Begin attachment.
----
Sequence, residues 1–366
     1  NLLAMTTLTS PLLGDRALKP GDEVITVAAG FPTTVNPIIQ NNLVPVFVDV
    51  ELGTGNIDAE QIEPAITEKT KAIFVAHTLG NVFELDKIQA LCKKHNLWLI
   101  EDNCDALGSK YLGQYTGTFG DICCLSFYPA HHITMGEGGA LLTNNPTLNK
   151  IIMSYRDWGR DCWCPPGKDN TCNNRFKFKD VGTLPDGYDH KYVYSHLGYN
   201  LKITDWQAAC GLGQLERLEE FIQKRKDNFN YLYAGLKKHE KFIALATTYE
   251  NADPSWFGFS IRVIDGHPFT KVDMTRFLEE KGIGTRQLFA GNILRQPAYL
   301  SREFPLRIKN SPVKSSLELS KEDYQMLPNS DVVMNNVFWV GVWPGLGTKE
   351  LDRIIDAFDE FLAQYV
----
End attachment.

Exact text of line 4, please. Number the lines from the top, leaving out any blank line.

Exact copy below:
   101  EDNCDALGSK YLGQYTGTFG DICCLSFYPA HHITMGEGGA LLTNNPTLNK